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With social media one need not ask for someone’s opinion as folks readily share their thoughts.

And what we see, more often than not, is what we love or what we hate. There is little moderation whether the topic is food, vacations, religion or politics.

Columnist David Brooks took on the topic of moderation in his New York Times column recently.

He said most people dislike the term moderate as it seems too milquetoast. Others may equate it with lukewarm or like Jello in that it takes on various shapes.

Brooks said moderation is less an ideology and more of a way of coping with the world and cited a few common ideas shared by moderates.

First – that truth is plural. Moderates understand that there is no one correct answer to the big questions. Moderates understand that both sides, or all sides, may possess a piece of the truth and leadership is about determining which viewpoint is needed at the moment the situation is unfolding.

Secondly, moderation leads to creativity as moderates are more willing to combine and merge ideas from both sides seeking new solutions while both the left and right are less willing to let go of their preconceived notions.

Noted author F. Scott Fitzgerald said it this way, “The test of a first-rate intelligence is the ability to hold two opposed ideas in mind at the same time and retain the ability to function.”

Another key point in Brooks’ column was the idea that truth must come before justice. We have all been witness to people who discount the inconvenient facts that may injure their own cause or enable their opponents. Brooks said, “If you try to suppress those facts, by banning a speaker or firing an employee, then you are putting the goals of your cause, no matter how noble, above the search for truth,” which leads to fanaticism and then backfires.

A final key point is that humility is a fundamental virtue. He describes it as “radical self-awareness “ and “radical honesty” which leads us to understand that the more we understand we realize how much more is beyond our understanding.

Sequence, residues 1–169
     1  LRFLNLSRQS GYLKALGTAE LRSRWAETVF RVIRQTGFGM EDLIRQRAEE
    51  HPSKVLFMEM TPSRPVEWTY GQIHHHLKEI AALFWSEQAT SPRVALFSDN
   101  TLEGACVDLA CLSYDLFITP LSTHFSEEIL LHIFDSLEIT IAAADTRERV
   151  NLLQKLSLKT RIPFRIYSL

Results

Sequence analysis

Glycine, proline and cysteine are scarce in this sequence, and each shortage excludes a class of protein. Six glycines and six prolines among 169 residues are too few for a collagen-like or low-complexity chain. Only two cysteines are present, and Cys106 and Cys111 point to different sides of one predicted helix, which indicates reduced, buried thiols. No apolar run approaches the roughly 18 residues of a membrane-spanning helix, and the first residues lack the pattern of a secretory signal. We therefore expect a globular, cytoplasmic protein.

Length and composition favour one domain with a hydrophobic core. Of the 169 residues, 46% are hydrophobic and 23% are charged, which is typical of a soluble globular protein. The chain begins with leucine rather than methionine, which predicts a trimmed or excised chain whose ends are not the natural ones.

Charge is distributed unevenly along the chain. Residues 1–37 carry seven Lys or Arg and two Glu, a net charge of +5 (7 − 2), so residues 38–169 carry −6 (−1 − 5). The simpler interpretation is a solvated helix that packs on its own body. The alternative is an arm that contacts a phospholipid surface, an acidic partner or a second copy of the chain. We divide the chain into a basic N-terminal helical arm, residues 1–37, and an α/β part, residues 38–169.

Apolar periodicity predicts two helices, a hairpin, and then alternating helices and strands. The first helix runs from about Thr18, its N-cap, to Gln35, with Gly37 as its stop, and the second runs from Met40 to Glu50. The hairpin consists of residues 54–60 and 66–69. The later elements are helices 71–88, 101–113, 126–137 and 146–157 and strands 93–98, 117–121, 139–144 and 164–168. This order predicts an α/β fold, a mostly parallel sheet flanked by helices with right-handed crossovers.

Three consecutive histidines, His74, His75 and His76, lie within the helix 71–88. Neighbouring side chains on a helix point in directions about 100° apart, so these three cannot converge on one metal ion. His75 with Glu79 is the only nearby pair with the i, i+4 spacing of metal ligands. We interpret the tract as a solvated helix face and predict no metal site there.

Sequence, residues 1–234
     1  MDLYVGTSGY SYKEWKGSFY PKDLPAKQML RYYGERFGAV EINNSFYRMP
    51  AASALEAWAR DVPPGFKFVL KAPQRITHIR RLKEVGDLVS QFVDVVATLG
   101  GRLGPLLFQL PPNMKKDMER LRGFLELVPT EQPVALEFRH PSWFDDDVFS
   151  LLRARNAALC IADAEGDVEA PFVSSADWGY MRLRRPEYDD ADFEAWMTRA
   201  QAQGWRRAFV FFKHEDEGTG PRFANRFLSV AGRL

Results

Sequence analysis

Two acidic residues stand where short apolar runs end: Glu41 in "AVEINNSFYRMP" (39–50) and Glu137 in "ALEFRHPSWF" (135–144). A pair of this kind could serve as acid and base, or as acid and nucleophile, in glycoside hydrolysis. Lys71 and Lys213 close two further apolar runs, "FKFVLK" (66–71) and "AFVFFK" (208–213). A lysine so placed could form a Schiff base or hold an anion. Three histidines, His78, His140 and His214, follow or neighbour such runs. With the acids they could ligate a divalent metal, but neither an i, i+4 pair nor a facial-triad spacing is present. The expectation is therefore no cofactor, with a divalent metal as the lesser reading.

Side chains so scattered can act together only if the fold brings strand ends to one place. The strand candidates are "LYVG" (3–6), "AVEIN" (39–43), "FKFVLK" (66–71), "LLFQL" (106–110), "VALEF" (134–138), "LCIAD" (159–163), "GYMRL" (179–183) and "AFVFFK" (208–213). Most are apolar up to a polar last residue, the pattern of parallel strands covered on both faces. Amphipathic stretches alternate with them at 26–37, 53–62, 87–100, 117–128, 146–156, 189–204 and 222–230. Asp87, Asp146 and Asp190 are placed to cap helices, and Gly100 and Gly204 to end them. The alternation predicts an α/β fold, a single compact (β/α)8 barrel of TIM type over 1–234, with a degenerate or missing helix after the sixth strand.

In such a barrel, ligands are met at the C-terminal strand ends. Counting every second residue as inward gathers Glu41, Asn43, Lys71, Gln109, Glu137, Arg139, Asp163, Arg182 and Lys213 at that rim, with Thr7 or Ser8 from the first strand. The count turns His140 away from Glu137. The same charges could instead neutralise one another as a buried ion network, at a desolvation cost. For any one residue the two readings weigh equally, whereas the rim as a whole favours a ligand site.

The racial unrest in Charlottesville showed us that perhaps many of us don’t understand why folks feel so strongly about Confederate monuments. I have seen hundreds of opinions expressed on social media and none have promoted consideration of another’s view.

And just this week we saw polar opposite reactions to children and parents being separated at the border and put into detention centers.

People who have one view only watch the network news that affirms their view while those with an opposing view seemingly only watch or read the news that affirms their view.

Our nation sorely needs leaders who will consider all the views and develop new solutions through new coalitions.

Donald Rumsfeld was chided for his 2002 defense department briefing when he said “There are known unknowns. That is to say there are things that we now know we don't know. But there are also unknown unknowns. There are things we do not know we don't know.”

While it sounded like a riddle, it was actually an important understanding that gets to Brooks' argument that serious progress will not be made in any area of disagreement until we all admit that we lack full understanding. And then commit to exploring ideas that may help us understand.

Perhaps the one thing we can all agree on at the start is that we have a long way to go and for the sake of our nation we are willing to try.

Gary Adkisson is publisher of the Bismarck Tribune.